I was asked by a reporter today what I thought of TV companies revolting against Nielsen and threatening to start their own measurement company. My response:
I’ve been waiting for something like this to happen as I’ve argued for sometime that the old sample-based (that is, Nielsen-family) structure of ratings simply cannot work in a niche media world. That is, there’s no way to get a large enough sample to even pretend to accurately measure audience in the unlimited number of special interests that can now be served online. Complicating this further is the on-demand nature of media now, making it hard to measure audience for things we consume via Tivo, the internet, our phones, and so on.
It’s also true that audience size matters less. The presumption of old media was that everyone in the audience saw every advertisement and that’s why ads were bought on the basis of the size of the audience. Size mattered. But today, what advertisers really want is verification that their ads reached the audience they were sold – not just in size but in relevance. (This is why Google’s model of selling clicks is so powerful; it takes the risk of matching relevant ads to audience is paid on the resultant clicks.)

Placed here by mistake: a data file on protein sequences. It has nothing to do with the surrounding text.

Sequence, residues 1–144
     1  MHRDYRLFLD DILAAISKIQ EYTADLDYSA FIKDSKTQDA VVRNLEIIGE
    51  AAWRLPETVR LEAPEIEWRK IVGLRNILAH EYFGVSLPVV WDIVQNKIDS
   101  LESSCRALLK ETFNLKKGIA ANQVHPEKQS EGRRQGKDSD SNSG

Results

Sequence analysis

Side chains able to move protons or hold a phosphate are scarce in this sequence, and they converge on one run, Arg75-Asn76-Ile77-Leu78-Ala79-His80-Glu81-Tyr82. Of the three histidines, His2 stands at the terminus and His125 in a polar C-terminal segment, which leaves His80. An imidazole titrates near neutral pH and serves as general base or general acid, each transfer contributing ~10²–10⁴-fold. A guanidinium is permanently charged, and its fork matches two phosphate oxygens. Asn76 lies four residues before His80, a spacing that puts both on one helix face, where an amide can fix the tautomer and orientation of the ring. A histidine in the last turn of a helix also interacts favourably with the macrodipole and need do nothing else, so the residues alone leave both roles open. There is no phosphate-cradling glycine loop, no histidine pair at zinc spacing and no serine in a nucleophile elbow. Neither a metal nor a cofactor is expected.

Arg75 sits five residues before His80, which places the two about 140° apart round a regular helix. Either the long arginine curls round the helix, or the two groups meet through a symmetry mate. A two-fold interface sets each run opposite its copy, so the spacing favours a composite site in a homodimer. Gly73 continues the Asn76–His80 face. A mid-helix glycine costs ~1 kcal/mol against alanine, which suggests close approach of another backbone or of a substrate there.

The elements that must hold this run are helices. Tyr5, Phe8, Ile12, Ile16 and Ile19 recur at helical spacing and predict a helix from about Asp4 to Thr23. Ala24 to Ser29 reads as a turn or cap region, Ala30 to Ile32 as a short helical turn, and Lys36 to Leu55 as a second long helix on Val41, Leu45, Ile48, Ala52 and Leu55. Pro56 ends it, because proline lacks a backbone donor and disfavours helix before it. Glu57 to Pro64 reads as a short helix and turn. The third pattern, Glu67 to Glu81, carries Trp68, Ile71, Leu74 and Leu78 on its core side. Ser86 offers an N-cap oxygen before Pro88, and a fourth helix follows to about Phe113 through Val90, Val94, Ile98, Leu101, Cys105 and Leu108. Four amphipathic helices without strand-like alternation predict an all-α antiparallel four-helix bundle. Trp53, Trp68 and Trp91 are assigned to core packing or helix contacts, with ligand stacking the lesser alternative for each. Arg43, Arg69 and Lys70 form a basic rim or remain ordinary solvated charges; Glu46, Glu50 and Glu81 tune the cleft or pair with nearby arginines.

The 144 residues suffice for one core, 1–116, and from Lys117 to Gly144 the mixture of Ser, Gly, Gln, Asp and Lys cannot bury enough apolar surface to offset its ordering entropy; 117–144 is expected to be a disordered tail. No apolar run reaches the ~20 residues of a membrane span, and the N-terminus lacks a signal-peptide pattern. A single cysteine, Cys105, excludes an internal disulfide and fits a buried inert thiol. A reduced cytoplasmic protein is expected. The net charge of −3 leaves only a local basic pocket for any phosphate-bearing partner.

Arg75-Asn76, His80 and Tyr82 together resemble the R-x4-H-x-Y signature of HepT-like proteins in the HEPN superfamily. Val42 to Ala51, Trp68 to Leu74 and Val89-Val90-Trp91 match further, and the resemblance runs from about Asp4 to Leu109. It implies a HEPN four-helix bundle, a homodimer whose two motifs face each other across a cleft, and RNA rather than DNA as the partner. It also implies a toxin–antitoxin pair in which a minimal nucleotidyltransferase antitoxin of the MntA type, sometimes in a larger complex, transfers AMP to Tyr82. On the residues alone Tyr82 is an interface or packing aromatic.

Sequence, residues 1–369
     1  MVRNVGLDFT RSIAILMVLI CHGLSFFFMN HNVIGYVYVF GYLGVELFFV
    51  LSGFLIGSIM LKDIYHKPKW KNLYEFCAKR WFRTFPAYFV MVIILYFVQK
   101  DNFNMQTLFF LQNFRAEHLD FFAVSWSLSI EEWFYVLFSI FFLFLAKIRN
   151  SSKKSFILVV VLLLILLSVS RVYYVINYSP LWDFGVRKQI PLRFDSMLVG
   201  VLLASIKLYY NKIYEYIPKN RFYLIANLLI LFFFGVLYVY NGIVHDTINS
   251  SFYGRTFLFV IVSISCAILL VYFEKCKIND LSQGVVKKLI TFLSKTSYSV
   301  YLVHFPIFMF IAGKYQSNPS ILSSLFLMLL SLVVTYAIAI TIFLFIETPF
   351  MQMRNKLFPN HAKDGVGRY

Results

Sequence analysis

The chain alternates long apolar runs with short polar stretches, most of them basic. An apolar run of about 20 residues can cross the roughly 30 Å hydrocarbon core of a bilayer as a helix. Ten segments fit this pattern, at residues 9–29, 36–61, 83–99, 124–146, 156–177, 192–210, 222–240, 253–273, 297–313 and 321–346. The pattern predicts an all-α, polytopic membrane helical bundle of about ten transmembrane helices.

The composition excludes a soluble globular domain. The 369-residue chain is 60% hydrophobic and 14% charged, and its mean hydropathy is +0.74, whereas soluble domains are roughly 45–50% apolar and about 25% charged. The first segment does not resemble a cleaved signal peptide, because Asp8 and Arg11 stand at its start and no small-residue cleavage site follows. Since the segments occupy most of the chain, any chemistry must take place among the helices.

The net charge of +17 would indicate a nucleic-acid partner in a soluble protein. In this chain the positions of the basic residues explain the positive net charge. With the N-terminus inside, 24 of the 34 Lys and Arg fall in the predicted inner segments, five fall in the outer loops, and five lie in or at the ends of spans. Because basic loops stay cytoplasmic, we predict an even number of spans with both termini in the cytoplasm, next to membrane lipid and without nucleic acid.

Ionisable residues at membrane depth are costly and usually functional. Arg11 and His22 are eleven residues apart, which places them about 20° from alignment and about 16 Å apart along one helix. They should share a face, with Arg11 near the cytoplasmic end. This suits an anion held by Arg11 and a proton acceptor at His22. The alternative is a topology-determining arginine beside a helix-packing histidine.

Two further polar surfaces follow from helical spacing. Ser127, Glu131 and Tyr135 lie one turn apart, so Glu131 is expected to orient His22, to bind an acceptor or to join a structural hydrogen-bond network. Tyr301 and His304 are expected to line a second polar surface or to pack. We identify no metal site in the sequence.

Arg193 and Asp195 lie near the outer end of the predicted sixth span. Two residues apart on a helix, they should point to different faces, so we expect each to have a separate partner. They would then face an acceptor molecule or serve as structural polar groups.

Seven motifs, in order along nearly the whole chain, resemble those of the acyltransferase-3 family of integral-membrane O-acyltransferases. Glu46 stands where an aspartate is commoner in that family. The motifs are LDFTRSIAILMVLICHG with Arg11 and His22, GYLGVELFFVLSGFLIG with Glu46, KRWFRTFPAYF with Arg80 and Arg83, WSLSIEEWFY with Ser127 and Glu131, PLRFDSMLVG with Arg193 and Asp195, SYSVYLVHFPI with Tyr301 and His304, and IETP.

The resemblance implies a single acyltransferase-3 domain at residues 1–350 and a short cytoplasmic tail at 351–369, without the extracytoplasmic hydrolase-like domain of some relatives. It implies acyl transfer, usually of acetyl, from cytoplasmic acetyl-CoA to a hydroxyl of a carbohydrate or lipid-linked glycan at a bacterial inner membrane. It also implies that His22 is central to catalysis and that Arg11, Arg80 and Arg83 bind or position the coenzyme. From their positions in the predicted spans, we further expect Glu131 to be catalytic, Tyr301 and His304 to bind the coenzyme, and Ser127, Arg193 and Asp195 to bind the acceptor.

Finally, the web is so much more measurable; servers know what they serve. This, too, changes the structure of measurement online.
We are seeing may industry-wide organizations falter in this new world — Nielsen, the Associated Press — because they were built to support industries that are now turned upside-down in a new media age.